Now, this isn’t your usual floating atop an inflatable flamingo while someone passes you an Aperol Spritz - this is floating in a purpose-built sensory deprivation tank. There’s no sound, no light, and no physical sensation whatsoever. And it’s all in the name of wellness.
The idea behind it is to relieve the mind of the relentless stimulation it is forced to process every day in order to provide the space needed to address any underlying issues or emotions and stress that have been pushed to the wayside. Makes sense, right?
I head over to 3 Tribes in South London feeling a little apprehensive. I’ve read that floatation tanks are like a diluted version of ayahuasca - the hallucinogenic brew that also works on the premise of opening up the mind to suppressed emotions and memories - which is way more than I signed up for. What if I start freaking out? Plus, it’s an hour-long treatment in a confined space, totally cut off from the outside world. Will it feel claustrophobic? What if the fire alarm goes off and I can’t hear it?
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Upon arrival, my concerns are quickly put to rest. The tank is indeed dark, silent and self-contained. But it doesn’t have a lock - I am able to get out at any point without help. And if the fire alarm goes off, I’ll definitely be able to hear it.
How do flotation tanks work?
The tank itself looks like a massive egg - a lot bigger than I was expecting, which alleviates the fear of claustrophobia slightly. As it fills up, I remove my makeup, take a shower, and pop in a pair of ear plugs. I brought my swimming costume, assuming I would need to change into it. I don’t. I’m instructed to enter the tank totally starkers (I’m assured it’s been thoroughly cleaned after each use).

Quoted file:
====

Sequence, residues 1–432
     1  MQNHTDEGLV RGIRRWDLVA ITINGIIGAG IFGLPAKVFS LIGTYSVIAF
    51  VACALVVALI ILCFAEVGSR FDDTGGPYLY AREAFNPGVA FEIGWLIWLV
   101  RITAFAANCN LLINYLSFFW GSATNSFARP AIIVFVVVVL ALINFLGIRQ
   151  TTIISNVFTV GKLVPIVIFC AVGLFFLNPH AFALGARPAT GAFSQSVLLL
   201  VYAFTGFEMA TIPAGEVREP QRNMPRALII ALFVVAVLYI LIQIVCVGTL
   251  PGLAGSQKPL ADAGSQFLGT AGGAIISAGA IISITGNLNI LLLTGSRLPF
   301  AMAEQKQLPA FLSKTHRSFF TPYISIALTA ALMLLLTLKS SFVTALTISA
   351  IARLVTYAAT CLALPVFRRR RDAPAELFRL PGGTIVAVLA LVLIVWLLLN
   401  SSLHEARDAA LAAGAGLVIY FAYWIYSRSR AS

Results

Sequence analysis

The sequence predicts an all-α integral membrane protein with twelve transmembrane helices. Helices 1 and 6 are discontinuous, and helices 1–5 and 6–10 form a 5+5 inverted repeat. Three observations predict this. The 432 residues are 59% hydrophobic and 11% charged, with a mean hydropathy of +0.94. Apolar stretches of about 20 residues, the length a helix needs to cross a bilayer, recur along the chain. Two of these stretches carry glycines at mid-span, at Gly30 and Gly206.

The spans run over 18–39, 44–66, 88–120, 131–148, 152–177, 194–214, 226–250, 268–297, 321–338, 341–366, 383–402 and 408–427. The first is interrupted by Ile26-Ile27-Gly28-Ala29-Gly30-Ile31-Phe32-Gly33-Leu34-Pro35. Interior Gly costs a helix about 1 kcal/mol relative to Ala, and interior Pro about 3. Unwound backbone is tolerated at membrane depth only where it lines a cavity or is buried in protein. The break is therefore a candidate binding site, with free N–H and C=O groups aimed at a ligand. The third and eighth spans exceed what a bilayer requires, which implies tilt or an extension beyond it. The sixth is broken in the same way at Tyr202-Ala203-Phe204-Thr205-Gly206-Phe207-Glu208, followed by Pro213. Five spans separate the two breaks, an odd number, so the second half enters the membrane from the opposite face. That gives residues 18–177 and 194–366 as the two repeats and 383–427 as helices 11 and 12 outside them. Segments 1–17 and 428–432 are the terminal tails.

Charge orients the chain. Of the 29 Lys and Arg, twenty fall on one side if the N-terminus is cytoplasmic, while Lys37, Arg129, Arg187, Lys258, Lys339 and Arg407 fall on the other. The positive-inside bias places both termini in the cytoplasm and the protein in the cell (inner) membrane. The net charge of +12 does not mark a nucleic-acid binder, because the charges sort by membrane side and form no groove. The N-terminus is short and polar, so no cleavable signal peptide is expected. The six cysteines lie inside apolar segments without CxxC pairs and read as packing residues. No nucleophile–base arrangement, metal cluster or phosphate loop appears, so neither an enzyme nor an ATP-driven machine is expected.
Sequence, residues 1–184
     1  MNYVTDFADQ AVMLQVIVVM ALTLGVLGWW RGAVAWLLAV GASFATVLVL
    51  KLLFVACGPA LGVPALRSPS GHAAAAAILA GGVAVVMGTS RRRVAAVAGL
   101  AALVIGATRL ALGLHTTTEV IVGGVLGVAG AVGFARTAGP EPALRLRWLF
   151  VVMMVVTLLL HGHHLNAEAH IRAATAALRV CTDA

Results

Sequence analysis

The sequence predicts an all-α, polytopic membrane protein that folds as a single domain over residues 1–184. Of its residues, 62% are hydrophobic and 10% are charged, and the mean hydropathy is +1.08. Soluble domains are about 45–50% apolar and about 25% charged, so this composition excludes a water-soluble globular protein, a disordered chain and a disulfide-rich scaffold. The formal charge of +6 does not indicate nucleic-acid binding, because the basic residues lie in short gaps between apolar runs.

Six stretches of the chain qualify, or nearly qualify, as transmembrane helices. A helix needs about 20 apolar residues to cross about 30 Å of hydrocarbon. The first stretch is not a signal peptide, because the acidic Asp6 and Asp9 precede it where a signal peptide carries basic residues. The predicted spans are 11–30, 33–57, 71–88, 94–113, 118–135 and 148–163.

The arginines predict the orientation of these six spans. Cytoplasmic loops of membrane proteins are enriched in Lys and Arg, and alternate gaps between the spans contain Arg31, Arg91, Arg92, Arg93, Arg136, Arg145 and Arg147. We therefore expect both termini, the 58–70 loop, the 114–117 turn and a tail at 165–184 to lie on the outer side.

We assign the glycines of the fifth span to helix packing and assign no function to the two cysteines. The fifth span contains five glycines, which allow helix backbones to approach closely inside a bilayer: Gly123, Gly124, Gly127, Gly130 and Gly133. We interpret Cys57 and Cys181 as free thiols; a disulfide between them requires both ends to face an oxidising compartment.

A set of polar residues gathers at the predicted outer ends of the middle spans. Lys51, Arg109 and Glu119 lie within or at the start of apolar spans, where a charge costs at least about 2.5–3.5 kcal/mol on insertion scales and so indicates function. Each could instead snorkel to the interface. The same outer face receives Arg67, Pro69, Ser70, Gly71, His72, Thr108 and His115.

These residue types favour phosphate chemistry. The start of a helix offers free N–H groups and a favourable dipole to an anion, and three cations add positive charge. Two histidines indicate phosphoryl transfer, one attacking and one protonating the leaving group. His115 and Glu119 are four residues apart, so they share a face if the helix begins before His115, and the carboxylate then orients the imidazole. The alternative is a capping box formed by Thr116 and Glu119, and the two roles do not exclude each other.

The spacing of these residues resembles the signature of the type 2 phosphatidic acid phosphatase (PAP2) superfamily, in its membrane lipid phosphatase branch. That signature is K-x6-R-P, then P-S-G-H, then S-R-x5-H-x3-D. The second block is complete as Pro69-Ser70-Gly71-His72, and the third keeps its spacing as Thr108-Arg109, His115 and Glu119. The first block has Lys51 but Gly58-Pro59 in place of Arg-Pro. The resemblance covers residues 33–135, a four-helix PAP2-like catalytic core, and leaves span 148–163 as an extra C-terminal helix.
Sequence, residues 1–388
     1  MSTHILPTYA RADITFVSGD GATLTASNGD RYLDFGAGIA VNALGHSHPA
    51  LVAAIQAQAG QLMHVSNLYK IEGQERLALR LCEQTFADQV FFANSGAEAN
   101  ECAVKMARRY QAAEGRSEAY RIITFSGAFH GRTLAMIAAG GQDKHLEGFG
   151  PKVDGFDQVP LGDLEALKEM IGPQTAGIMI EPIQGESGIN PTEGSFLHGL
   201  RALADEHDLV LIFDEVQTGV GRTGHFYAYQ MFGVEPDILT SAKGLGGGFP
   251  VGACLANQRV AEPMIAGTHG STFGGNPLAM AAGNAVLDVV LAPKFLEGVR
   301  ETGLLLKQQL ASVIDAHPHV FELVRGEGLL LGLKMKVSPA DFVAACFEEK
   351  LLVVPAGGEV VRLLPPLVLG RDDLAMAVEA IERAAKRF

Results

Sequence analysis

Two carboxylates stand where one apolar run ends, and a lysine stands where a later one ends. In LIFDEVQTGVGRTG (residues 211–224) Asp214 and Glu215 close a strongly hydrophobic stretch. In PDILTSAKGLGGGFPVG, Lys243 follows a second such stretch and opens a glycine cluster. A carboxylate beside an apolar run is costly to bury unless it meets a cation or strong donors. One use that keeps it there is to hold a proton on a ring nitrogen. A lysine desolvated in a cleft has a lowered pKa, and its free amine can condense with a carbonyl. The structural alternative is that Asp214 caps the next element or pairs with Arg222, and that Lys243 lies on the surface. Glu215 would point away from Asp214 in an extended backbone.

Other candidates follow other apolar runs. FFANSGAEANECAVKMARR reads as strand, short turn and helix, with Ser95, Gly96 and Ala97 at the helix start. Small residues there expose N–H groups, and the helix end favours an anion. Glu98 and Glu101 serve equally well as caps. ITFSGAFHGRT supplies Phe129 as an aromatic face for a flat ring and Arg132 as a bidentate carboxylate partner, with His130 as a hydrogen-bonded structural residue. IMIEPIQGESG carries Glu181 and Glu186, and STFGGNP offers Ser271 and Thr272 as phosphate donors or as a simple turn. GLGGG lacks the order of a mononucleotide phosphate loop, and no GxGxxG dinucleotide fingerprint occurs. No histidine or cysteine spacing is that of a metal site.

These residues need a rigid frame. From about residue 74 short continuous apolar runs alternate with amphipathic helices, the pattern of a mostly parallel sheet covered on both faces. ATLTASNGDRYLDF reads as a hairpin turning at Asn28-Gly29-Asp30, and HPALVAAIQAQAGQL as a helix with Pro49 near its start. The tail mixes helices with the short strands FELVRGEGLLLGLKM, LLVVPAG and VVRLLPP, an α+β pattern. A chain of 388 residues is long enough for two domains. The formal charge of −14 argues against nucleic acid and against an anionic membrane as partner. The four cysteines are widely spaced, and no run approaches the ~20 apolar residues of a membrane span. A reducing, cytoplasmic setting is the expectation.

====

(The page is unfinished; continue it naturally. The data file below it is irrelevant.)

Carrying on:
The water inside the tank has a supremely high salt content, which is what allows you to float. I step inside and lie down. It feels warm but otherwise unremarkable. I pull the door to, and the process begins. The blue lights within the tank switch to red before going out completely. The music fades and I’m left with nothingness.
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What does a flotation tank feel like?
At first, my mind is racing. I notice how quickly my thoughts jump around in a disjointed narrative of things I need to do, recent encounters, and musings over otherwise irrelevant oddities in general life. It takes a good 15 minutes before my mind begins to still - at which point I start to get bored. My arm keeps twitching to reach for my phone in an alarming demonstration of muscle memory. But I can’t take to Instagram or my emails to alleviate my boredom. Nor can I look out of the window, or talk to someone. I have nothing to distract me. It’s excruciating at first and I start to think I may just get out. But then something happens - I become self-sufficient, which I later realised is a skill we never normally need to call upon. I start pushing myself off the walls of the tank, gently floating from one side to the other. I make shapes with my arms and stretch out my legs, noticing how each muscle feels when I do so. My imagination begins to kick in, and I think up ideas that I didn’t realise I was capable of.
Suddenly, the lights begin to come back on. It’s been an entire hour. I get out, shower off the salt that has collected on my skin (which btw feels silky smooth), dress and head straight for reception, where I book in for my next appointment.